I remember the sign at the Bayswater station: "Until further notice- No Train Service To All Underground Stations. All buses in central London are not running as well." I took a photo of it. Later in the day as buses were allowed to run, you couldn't get on one for the crowds that had been stranded by the Tube shutdown.
Then there were the faces of people whose lives had been turned upside-down in a few moments. "How will I get home tonight? Will my shop be open tomorrow? Will people quit coming to London because of this?" And I remember the kindness of Londoners who apologized to me for my holiday being disrupted- when I would be able to go home in a couple of days, they would have to keep going through the cleanup and recovery process.
I remember the strange emptiness of the Central Line train on Friday, being sequestered in the crypt of St. Paul's Cathedral while the bomb squad investigated a suspicious package outside, of places we'd planned to visit being closed because staff couldn't make their way in to work that day.
I remember all of these things and more, but most of all, I remember the resolve of London and her citizens to take one step, then another- and another, toward recovery, toward the future. In a single day London remembered her proud history of defying attacks by evil men and began picking up the pieces to put life back together.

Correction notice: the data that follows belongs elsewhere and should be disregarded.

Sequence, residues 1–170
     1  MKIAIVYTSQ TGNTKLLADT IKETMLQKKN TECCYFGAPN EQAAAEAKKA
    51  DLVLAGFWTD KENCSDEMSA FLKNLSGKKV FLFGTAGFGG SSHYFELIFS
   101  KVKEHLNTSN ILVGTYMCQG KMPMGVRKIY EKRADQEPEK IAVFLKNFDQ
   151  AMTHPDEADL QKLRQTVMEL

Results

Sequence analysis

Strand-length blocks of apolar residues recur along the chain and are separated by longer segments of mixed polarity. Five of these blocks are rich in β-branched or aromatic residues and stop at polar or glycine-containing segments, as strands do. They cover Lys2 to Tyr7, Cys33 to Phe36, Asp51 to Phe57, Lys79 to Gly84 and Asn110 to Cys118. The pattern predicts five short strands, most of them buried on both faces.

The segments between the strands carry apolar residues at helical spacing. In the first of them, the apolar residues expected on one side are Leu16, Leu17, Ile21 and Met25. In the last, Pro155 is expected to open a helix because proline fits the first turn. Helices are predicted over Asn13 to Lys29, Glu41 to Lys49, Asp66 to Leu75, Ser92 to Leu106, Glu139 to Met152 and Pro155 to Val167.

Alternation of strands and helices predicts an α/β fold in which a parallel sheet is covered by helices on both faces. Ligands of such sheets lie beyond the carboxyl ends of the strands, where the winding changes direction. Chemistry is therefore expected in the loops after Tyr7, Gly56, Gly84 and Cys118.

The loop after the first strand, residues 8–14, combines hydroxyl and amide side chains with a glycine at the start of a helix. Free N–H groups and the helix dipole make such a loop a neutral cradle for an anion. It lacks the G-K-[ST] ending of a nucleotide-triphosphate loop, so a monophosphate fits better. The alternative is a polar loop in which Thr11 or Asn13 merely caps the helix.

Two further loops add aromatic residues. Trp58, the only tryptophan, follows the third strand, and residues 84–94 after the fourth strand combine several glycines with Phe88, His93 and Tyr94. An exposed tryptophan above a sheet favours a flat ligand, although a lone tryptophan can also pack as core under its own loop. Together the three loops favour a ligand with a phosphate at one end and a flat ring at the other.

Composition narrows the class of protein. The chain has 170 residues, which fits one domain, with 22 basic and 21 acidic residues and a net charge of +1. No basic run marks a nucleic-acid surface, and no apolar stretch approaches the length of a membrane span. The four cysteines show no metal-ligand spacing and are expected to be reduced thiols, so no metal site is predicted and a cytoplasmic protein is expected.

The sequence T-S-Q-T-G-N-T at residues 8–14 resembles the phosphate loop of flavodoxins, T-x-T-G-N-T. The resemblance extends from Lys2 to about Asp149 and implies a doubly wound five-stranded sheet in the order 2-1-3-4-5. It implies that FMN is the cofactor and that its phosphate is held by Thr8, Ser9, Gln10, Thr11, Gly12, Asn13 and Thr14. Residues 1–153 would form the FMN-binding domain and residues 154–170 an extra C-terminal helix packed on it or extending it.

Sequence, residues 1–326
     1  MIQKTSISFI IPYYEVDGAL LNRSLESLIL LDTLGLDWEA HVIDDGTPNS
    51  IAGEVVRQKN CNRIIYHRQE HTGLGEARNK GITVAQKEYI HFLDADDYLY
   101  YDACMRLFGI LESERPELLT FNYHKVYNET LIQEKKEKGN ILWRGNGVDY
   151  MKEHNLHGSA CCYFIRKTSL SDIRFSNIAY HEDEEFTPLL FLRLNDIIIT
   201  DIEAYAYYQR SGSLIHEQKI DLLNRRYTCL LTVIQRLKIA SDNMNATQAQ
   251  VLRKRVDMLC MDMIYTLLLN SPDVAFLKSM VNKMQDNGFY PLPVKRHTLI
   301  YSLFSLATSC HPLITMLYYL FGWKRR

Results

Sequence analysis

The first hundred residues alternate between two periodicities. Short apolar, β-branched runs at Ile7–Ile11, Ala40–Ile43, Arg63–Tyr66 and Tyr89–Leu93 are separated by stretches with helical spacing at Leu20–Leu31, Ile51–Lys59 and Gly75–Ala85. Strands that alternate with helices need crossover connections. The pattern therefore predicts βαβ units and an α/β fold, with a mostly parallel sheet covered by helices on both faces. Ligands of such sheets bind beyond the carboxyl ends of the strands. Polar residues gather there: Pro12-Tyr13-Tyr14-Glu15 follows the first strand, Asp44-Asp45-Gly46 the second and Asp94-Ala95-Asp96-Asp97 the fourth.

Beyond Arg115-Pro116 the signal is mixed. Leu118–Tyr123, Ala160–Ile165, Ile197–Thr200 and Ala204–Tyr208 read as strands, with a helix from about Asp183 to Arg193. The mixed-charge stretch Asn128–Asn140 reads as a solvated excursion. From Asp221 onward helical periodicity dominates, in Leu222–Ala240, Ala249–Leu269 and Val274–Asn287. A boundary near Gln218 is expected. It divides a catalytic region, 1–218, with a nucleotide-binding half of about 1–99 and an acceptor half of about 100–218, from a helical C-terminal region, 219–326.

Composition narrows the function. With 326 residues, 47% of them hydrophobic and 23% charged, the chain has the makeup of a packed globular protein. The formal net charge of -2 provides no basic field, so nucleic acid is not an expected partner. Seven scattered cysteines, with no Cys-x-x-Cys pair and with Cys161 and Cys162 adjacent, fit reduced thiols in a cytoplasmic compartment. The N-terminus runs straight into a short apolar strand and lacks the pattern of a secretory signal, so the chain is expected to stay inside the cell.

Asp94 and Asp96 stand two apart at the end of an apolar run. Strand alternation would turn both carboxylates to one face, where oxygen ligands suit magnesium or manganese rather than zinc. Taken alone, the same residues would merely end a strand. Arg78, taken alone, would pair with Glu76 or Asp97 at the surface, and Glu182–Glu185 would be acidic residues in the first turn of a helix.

I got to fly home on Saturday following, but each year, for one day, I am once again a Londoner.
Originally shared by +John B Tefertiller (FuzzyFarAway)
Who's buried there?
In April 2006 I visited Windsor Castle. In the lower ward sits . . . or rather, stands St. George's Chapel. The original chapel was constructed in 1348, and has been plundered, repaired, expanded and remodeled a number of times. In various corners throughout the building are buried several historical royal personages, most notably from the last century, King George VI, Princess Margaret and The Queen Mother.
This photo was taken with my Panasonic Lumix DMC-FZ30 camera before I knew any better about RAW vs. JPEG photos. My budget minded decision was to take a 1 GB SD card and stick with JPEG. There is a bit of Topaz, some NIK HDR Efex Pro 2, and . . . some other stuff.
Not much protest in 2004.
Some years anarchists have hijacked the annual labor protests at Trafalgar Square, leading to ugly confrontations with police. In 2004 it was not such a disruptive event.
There were policemen and demonstrators present, but things were calm. Flags and banners were waved. Protesters shouted and chanted. Policemen leaned on a wall and watched.
Looking at this view it hardly seems like there was a May Day labor protest going on. (Around the corner there was more visible protesting, but nothing violent.)
This is a favorite of mine from May 2007. It has been processed several different ways. Some of the renderings got a little (or a lot of) help from Photoshop plugins, some are more or less experimental, but stand on their own.
This one involved the creation of three "virtual exposures" from a single raw file that were taken into NIK HDR Efex Pro 2 and processed in order to bring out sky and other details. It's been a long time, but I think there might have been some color lookup tables, or the colors might have been the result of Lightroom adjustments to the resulting TIFF file.
In any case, this is probably my favorite of all the different processes I tried. It's been posted before, but not in a form that is useful for my England collection.